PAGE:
Elaine T. Jones turns memories into fiction

Elaine T. Jones is a retired educator who continues to be active in her community. Elaine holds a Bachelor’s degree from Drexel University in Philadelphia. PA. She did her Master’s studies at Temple University. She is the mother of four, grandmother of five, and great grandmother of one… After retirement, Elaine began to write; Price Road is her first novel.

Price Road is the story of a White postman, Ed O’Reilly, who delivered mail on Price Road, a primarily Black community in North Carolina, in the 1940s and 50s – when Jim Crow Laws were in effect below the Mason Dixon Line. The place is real; the history is factual; the characters are composites of people Elaine recalls from her youth when she visited her grandparents, who lived on Price Road.

A large white delivery truck came down Price Road – fast – just as a car turned onto Shady Grove Road; the truck couldn’t stop fast enough, and the car was pushed into a tree on the church grounds. The car was crushed like an accordion.

Although Ed had only been on the job for a few months when the car accident happened, he was already friendly with the people on his route; therefore, he knew who was in the mangled car. Every cell in Ed’s entire body recalled the same pain, anxiety, fear, and sorrow that he felt that on that dreadful day. It was hard for Ed to look at that tree – it still smacked of tragedy, yet he couldn’t stop himself from looking every time he drove by. Someone planted a beautiful white rose bush at the base of the tree where the crushed car had been; the magnificent flowers shared the space with the large roots of the elderly tree and defiantly reappeared every year. Larger.

The accident occurred on a Wednesday afternoon; Ed was driving back down Price Road, on his return trip to the post office. It was Ed who instinctively drove as fast as he could to tell Big Mom what happened. He took Big Mom and Perry to the scene; they never stopped thanking him for that even though Ed told them that he didn’t think he had done anything extraordinary. Ed remembered how he instinctively removed the mailbag from the passenger seat to let Big Mom sit in the front of the car because it was the right thing to do. Still, Ed remembered the sense of relief he felt when he saw that there were no other White people around; thank God, he didn’t have to explain his actions to anyone.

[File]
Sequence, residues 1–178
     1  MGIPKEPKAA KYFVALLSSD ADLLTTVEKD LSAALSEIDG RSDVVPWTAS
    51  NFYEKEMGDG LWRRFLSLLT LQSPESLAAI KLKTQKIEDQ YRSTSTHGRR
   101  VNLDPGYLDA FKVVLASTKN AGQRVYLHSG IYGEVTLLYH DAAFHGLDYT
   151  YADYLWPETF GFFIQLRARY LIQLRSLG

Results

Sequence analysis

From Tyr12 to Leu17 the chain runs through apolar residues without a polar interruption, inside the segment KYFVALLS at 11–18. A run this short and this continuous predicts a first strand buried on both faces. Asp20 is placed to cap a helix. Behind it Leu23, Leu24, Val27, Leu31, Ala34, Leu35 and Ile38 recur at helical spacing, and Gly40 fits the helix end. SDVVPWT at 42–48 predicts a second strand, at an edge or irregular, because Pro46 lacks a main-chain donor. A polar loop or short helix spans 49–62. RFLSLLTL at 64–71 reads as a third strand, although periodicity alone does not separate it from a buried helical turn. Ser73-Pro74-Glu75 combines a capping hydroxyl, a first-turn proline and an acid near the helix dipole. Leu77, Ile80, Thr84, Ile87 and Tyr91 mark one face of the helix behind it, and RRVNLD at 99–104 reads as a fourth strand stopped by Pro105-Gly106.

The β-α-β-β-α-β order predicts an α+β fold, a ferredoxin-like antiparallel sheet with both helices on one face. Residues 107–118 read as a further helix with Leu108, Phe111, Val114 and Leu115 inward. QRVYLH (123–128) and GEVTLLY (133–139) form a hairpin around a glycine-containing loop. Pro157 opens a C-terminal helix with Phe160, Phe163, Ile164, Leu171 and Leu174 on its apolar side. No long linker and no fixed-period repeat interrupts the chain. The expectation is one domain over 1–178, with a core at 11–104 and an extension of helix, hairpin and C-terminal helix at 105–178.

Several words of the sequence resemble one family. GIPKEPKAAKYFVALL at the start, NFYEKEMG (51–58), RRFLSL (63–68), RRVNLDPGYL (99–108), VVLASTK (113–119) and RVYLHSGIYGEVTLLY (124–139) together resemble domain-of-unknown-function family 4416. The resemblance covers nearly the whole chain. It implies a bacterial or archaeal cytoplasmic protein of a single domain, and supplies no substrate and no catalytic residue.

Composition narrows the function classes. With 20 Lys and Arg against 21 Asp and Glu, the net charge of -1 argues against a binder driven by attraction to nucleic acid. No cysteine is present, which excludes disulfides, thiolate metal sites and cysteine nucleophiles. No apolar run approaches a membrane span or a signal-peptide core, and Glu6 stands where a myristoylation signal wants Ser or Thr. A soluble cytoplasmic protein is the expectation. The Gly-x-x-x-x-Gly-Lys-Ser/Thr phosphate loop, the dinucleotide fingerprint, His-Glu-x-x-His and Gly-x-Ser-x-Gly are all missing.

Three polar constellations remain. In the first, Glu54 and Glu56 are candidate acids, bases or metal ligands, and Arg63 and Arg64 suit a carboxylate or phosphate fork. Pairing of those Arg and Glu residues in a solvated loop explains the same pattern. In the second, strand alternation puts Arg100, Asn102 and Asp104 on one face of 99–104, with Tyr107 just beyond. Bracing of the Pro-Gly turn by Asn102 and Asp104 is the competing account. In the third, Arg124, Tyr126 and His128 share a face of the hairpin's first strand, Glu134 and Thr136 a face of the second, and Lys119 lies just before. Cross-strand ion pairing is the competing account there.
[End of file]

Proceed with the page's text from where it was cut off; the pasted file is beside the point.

As Ed looked back on that day, he wondered why such thoughts even entered his mind. As he relived his thinking at the time, Ed recalled the feeling of an internal conflict. That was the day when he first became aware of the fighting going on in his head between the Inside Ed and the Outside Ed. It was as if he were two beings rolled into one. His mind was as much a battlefield as Gettysburg. The Inside Ed felt stifled, and struggled with the fear of being discovered in his hiding place because if he was recognized he might be required to lead or act in some way – like John Brown. Ed knew the song about John Brown lying in the grave. John Brown was executed, and Inside Ed did not want to be placed in the position of opposing the majority; he was not a John Brown. The Inside Ed was concerned with what other people saw in him every time he emerged; therefore, he spent most of his time imprisoned deep in the dungeon of denial. Still on occasion, Inside Ed found the nerve to escape from his hiding place to do something he felt was right, albeit only covertly, as he did on the day of the accident.

The Outside Ed fought for the dominance of Ed O’Reilly’s mind; he was the smiling, happy go lucky, carefree personality that enjoyed being accepted by his friends and relatives. Outside Ed did not think his own thoughts; he always chose the path of least resistance. As long as he wasn’t the instigator, his position regarding racial and social issues was – ‘It’s not my responsibility.’ It was fear that controlled both Inside Ed and Outside Ed for different reasons; a fear that was hidden under the skin, but a fear nonetheless. Neither of these personalities was free, and their fight for the control of Ed O’Reilly’s mind felt like pure pandemonium under his skull.

See at Amazon.com


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